here - AAVM Conferences

Session VII
October 26, 2012
Significance of Human Intestinal Microbiota
• An ever-expanding
understanding of the roles of
human microflora/microbiota
• A search to PubMed with
“Human Intestinal Microbiota”
identified >3000 articles
• Important role of human gut flora
in maintaining human health:
infections, metabolic
diseases, diabetes, obesity,
cancer, etc
Gastroenterology 2008;134(2):577-94
Significance of Human Intestinal Microbiota
ADI: a Key Parameter in Regulation of Veterinary Drugs
for Food Animals
• Definition of ADI: a measure of the amount of a specific substance (a
residue of a veterinary drug, food additive, or pesticide) in food or drinking
water that can be ingested (orally) on a daily basis over a lifetime without
an appreciable health risk
• Type of ADI: toxicological (including pharmacological) and
microbiological ADI
• Human food safety assessment of veterinary drugs requires data for
establishment of ADI values
Human Food Safety Assessment of Veterinary Drugs
Toxicity Assessment
Safety Assessment
Metabolism & Residue
Chemistry Assessment
Lab Animal Toxicity Data
No Observed Adverse
Effect Level (NOAEL)
AMR /Effect on
Gut Microflora
Toxicological or
Microbiological ADI
pharmacological ADI
Establishment of
MRLs and WP
Lowest ADI
Microbiological ADI Determination - Chronology
• 1960s: Introduction of ADI concept in EU and JECFA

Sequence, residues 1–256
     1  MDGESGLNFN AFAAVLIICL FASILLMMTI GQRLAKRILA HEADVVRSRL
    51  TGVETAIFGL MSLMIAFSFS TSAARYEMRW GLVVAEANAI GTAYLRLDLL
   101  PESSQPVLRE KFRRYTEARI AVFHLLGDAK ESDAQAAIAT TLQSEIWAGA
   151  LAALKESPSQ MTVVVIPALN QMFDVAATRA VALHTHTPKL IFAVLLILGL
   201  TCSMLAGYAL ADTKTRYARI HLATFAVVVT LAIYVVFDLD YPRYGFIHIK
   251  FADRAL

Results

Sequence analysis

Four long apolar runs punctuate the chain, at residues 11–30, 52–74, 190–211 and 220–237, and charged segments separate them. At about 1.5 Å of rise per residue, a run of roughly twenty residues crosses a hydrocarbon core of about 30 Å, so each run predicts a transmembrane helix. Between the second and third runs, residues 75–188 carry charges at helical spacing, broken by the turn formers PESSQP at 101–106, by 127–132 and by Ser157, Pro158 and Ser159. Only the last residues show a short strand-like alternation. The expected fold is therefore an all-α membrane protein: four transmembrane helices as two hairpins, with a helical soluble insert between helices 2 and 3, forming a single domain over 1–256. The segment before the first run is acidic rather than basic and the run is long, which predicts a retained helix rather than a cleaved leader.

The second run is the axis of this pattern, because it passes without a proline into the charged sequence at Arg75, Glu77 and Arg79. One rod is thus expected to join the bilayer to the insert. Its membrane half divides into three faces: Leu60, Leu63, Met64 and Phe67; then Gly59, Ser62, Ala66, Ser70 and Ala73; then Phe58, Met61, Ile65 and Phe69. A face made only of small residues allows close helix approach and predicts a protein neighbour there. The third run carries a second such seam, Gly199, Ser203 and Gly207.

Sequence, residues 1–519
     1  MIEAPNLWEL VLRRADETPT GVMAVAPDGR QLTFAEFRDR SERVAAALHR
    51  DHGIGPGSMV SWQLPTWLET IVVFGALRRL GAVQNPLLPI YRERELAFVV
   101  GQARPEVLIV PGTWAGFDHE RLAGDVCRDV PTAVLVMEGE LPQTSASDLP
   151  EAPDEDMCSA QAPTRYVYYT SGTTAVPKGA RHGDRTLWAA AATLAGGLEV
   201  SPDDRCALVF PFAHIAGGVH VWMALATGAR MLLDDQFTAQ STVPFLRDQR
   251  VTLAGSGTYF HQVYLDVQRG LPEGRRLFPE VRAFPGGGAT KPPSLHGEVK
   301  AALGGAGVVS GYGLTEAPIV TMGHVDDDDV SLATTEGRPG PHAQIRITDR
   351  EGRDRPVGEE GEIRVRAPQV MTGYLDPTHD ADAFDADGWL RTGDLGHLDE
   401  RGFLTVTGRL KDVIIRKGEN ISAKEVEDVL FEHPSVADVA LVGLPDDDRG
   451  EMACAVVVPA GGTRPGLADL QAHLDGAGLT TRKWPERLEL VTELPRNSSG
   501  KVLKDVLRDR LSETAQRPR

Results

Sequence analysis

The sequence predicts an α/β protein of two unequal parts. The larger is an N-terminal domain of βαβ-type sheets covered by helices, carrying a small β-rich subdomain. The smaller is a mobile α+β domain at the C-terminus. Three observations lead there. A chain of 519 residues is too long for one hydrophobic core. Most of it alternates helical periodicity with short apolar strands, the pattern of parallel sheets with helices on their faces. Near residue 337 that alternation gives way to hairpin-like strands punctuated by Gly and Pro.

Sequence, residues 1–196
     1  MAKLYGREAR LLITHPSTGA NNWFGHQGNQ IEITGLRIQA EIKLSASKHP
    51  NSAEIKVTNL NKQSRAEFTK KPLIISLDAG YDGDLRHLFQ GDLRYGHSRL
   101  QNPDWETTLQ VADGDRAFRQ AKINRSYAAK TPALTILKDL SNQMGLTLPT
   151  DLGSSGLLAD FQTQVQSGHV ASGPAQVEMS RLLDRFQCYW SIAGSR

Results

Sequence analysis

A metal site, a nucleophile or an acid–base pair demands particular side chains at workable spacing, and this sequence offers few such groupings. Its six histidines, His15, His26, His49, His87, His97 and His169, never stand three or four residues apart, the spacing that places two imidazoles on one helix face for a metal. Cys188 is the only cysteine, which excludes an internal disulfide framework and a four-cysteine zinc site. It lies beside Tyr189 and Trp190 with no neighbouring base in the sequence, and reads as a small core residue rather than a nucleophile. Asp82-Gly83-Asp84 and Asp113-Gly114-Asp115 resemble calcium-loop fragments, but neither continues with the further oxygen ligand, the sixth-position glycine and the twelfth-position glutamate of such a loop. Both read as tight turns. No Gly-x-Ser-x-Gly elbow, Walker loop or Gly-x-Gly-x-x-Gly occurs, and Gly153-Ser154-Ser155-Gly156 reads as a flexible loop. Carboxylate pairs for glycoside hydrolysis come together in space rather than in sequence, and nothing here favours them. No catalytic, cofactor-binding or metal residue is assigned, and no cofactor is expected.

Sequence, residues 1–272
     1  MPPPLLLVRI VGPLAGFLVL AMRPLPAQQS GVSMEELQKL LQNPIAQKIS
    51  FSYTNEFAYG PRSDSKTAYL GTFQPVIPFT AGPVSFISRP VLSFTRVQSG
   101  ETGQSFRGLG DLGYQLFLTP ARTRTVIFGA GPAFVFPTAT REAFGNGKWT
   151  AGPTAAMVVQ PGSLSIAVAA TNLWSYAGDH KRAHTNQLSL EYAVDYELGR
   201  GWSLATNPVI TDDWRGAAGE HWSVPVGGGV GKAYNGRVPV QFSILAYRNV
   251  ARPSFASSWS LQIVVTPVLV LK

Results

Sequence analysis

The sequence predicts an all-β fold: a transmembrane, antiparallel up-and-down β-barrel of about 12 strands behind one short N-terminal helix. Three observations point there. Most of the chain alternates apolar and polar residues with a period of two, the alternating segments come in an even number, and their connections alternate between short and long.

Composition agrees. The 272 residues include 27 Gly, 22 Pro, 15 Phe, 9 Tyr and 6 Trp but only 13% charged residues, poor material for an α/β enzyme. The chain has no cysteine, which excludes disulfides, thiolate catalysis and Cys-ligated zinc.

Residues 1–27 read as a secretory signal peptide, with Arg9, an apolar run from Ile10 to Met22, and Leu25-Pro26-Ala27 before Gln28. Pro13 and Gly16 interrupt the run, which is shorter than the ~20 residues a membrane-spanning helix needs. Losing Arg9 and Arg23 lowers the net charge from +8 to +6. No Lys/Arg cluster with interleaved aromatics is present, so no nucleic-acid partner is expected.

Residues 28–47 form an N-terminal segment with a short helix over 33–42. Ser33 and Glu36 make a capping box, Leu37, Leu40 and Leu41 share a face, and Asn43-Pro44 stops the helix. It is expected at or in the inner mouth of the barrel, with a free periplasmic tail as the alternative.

• 1990s: JECFA’s guidance on the data requirements and the decision tree
approach for mADI determination (1999)
 Determination of the most sensitive adverse effects on the human intestinal
microflora with three concerns:
– Emergence of antimicrobial resistant population
– Disruption of the colonization barrier
– Changes in enzymatic activities (NOEL determination)
• 2000s: Development and Implementation of VICH GL-36 (2004):
Two endpoints and 5 steps
JECFA harmonized with VICH GL-36 (2006)
• 2012: Implementation of revised VICH GL-36 with new guidance on test systems
and assay methodology for assessment of the fraction of oral dose
available to microorganisms in the intestine
Knowledge Gaps and Research Needs?
Effects of antimicrobials on human gut microflora at therapeutic levels (e.g., antimicrobial
therapy) are well expected and documented. It is more challenging to address effects at the
residual levels (such as those potentially presented in food products) in relation to food safety:
• What are the effects of low-level antimicrobial residues on public health and the
approaches to address them?
Human intestinal flora is a relatively stable group of a huge number of bacterial species. Many
factors (diets, ages, geography, etc) affect intestinal flora compositions among individuals.
• What is “normal” flora?
• How important is it to address the impact of antimicrobial residues in the context
of baseline variations in intestinal flora (in individuals or between individuals)?
Determination of mADI based on one or two endpoints of concern:
• Colonization barrier disruption
• Increase in resistant population
What is more concern for potential risk? Which is more sensitive (i.e. lower ADI)?
In the era of omics (microbiome), new approaches have emerged.
• What are the applications of new methodologies (e.g.,new molecular approaches)
for establishing mADI?
Session Topics
• Safety Evaluation of Antimicrobial Residues in Food
– The microbioogical ADI (Professor P. Silley)
– Impact on Human Intestinal Microbiota – Data (Dr. C.E. Cerniglia)
• Antimicrobial Resistance Surveillance
– Update from NARMS (Dr. P. McDermott)
• Antimicrobial Residues in Food Animals
– Findings and Consequences (Dr. P. Basu)
• Discussion